It is a general object of the present invention to provide pinball games of greater variety, and a particular object of the invention is to provide a pinball game having both real and simulated projectiles.
FIG. 1 is a plan view of a pinball playfield, including a simulated projectile display, embodying various features of the present invention;
FIG. 2 is an enlarged fragmentary plan view of the simulated projectile display of FIG. 1;
FIG. 3 is a cross-sectional view taken along line 3--3 of FIG. 2; and
FIG. 4 is a plan view of a circuit board with a light bulb array for the simulated projectile display.
Illustrated in FIG. 1 is a pinball playfield 10 having a real projectile 12, means 14, 16 of manipulating the projectile, targets 18 for the projectile and a simulated projectile display 20.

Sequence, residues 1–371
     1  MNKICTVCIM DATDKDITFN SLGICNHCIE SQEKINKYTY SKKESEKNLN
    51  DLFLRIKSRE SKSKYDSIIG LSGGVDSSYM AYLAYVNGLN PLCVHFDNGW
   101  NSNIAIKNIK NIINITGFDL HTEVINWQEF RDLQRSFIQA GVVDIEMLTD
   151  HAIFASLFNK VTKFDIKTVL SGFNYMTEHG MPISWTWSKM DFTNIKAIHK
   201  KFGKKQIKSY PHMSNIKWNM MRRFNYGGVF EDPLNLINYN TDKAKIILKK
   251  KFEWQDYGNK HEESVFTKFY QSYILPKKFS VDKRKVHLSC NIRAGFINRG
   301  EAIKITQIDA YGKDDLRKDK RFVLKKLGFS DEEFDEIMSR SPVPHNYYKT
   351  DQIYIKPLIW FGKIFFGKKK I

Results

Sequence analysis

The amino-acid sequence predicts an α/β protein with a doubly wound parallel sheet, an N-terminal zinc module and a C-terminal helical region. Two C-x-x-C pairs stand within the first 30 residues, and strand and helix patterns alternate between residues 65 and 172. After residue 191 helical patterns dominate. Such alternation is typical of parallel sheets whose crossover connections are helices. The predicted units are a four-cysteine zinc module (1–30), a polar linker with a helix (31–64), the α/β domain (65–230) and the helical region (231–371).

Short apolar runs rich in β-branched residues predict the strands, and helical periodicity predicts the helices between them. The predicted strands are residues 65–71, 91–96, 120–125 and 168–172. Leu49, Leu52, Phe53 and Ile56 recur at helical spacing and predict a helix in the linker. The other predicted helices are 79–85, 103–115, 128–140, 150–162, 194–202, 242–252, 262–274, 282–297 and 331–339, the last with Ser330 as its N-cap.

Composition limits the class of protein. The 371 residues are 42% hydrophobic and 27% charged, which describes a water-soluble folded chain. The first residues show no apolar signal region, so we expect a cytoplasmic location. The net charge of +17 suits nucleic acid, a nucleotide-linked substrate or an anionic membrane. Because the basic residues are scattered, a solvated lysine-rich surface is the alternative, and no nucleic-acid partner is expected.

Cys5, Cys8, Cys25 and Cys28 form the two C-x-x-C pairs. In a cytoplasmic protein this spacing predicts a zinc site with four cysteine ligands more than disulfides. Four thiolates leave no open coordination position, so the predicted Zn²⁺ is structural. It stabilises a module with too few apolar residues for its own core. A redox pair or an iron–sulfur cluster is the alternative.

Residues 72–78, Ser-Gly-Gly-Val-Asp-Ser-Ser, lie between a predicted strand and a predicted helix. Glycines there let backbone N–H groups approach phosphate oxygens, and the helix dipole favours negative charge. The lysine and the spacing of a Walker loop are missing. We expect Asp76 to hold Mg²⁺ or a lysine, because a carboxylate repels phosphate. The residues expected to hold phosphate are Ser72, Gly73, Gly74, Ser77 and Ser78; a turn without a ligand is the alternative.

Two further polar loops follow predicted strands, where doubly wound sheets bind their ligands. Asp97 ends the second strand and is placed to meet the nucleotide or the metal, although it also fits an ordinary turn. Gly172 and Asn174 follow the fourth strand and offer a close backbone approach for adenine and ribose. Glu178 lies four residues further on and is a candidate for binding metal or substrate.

The apparatus for playing the real projectile 12, e.g., a metal ball, is typical of pinball game apparatus. Balls 12 are shot into play, one at a time, by a spring-loaded plunger 14, the shot ball following a pathway defined by an elongated guide 22 having a one-way exit gate 23 to the upper end 24 of the inclined playfield 10. From the upper end 24, the ball 12 rolls down the incline encountering various targets 18 along the way scoring points for the player. Once free of the targets 18, the ball 12 rolls down the incline toward a ball exit 26 at the lower end 28 of the playfield where the ball is removed from play unless the player intercepts the downward roll of the ball with projectile-manipulating means, such as flippers 16, that are actuated by player operated means, such as buttons 30, at the front of the game. If the player intercepts the ball 12 and returns it by means of the flippers 16 toward the back or upper end 24 of the playfield 10, the ball hits various targets 18 increasing the score of the player. Additional flippers 16' are optionally provided at other locations on the playfield. Generally the score accumulated by the ball hitting each target is reflective of the difficulty encountered in hitting the target.